Yes, I agree that the mediality of the thing must have radically different effects on differently situated viewers (with respect to age, surely also gender, class, ethnic background, etc.). Looking forward to your post!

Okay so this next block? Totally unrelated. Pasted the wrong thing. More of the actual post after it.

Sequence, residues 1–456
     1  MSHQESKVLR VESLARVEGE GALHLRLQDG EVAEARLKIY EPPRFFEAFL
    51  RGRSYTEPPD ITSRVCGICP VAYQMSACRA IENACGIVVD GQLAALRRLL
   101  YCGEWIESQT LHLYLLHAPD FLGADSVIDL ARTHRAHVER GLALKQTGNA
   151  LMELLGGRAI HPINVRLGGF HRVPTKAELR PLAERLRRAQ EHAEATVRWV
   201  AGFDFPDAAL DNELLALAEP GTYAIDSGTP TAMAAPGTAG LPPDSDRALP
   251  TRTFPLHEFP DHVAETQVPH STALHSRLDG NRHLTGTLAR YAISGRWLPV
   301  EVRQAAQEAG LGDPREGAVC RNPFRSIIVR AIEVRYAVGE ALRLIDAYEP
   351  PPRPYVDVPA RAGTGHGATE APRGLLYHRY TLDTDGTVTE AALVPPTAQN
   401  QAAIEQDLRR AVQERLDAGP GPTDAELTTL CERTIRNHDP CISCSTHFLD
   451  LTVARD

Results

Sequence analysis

Something that I found in common both with watching V/H/S and Unfriended was the cynicism generated by the films (I mention this briefly in my post). For V/H/S, I felt somewhat disengaged with the violence the protagonists were committing, and I think this has something to do with the casual practice of filming it on a video-camera, as you might film an everyday family event. For Unfriended, while the format clearly intended (from my perspective anyway) to place the viewer within the space of the film, as another participant in the Skype conversations as the cinema screen was transformed into a computer screen, I found myself viewing the events with a sort of bemused attachment one feels when reading a particularly hostile argument developing on a comments board on, say, youtube. While I don't feel in these instances the respective video and digital formats engaged me affectively as a viewer, I can think of one instance in the first Paranormal Activity film that did to a fantastic degree. It was the scene where Micah goes up into the attic with his camera and finds the burnt photograph. The camera, if I remember it correctly, goes first, creating an intensely vulnerable position for the spectator that made me shrink from the screen. If, at times, the video camera format can create a safe barrier (in my mind) as the actual camera sits between the spectator and the unfolding events, in this instance I was absolutely transported in the unknown darkness of the attic, which I think is captured perfectly by the Benson-Allott quote you mention above.